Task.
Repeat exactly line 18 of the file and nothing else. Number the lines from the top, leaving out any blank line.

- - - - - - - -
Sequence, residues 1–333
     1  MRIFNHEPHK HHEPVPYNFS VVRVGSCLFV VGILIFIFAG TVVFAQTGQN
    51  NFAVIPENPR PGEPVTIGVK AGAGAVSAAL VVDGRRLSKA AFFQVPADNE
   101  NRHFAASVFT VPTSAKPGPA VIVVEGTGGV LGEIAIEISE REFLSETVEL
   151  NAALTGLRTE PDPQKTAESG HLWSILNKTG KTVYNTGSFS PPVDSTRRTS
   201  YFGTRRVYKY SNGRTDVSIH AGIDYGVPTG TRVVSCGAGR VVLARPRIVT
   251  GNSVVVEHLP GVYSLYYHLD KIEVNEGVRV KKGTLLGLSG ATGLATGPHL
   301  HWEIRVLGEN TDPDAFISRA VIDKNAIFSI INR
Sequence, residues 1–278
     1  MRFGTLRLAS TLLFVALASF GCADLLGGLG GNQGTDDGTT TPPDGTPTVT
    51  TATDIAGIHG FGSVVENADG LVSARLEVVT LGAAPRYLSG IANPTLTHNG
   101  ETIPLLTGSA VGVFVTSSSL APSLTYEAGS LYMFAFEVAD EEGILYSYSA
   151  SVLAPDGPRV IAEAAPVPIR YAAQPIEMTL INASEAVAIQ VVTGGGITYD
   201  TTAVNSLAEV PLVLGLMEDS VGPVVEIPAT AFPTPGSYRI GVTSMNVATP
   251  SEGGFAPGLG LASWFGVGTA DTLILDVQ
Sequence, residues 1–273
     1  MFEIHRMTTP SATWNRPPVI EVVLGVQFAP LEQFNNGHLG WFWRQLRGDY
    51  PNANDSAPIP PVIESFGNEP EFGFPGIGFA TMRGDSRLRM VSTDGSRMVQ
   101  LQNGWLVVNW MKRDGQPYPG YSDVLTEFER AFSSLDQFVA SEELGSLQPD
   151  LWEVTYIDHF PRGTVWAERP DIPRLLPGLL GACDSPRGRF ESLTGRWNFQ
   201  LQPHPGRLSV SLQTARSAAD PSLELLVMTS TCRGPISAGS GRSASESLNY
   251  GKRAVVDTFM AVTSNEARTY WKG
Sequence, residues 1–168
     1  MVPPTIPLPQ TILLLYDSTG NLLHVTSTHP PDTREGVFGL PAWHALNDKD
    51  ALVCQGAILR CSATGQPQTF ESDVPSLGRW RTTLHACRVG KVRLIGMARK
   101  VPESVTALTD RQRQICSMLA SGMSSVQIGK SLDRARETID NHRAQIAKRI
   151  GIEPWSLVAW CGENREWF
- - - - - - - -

    51  PNANDSAPIP PVIESFGNEP EFGFPGIGFA TMRGDSRLRM VSTDGSRMVQ